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PNEUMONIA AND EMPYEMA AT CAMP SEVIER

WARREN T. VAUGHAN, M.D.; TRUMAN G. SCHNABEL, M.D.
Arch Intern Med (Chic). 1918;XXII(4):440-465. doi:10.1001/archinte.1918.00090150034002.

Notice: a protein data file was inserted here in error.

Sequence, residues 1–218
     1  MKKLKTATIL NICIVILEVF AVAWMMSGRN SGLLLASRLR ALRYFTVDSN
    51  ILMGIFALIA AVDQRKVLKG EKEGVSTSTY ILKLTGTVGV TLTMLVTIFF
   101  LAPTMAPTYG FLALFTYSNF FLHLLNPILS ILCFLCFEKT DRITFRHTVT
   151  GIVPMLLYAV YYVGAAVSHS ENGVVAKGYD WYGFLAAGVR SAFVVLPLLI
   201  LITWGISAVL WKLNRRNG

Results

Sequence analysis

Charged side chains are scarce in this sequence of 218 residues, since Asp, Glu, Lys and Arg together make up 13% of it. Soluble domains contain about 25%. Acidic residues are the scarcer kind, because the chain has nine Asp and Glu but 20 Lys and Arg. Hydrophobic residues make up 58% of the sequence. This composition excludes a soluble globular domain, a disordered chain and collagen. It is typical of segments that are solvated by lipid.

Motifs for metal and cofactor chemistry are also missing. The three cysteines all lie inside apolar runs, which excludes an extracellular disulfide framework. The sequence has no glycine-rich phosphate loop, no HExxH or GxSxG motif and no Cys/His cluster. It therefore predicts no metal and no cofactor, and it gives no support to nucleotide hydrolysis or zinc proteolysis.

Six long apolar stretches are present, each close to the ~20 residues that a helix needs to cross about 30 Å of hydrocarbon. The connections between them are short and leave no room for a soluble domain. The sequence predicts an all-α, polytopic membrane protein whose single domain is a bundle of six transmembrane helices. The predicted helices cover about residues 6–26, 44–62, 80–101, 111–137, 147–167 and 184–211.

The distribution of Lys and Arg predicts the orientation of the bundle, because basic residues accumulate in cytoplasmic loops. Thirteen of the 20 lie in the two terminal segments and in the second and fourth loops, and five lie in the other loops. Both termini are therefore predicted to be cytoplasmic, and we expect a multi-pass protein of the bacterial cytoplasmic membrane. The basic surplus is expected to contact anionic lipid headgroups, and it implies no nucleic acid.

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Recent rather numerous reports from the various army camps throughout the country concerning the incidence and causative agent of pneumonia, during the last winter, have mentioned frequent infection with Streptococcus hemolyticus and less frequent occurrence of pneumococcus infection. Reports from the different camps would indicate that the predominating organism is not the same in all localities. In Camps Funston, Dodge, Custer and Lee hemolytic streptococcus has been reported as the prevailing organism. At Camps Wheeler, Beauregard, Hancock, Jackson, Logan, Sheridan and Travis more pneumococcus infections are reported. In the findings so far published attention has been directed chiefly to the study of bronchopneumonia and, more especially, empyema. There has been very little comparative study of lobar and bronchopneumonia. The studies of the commission headed by Cole and McCallum1 at Fort Sam Houston, have been made with this point in view and their results would indicate that the true lobar pneumonia

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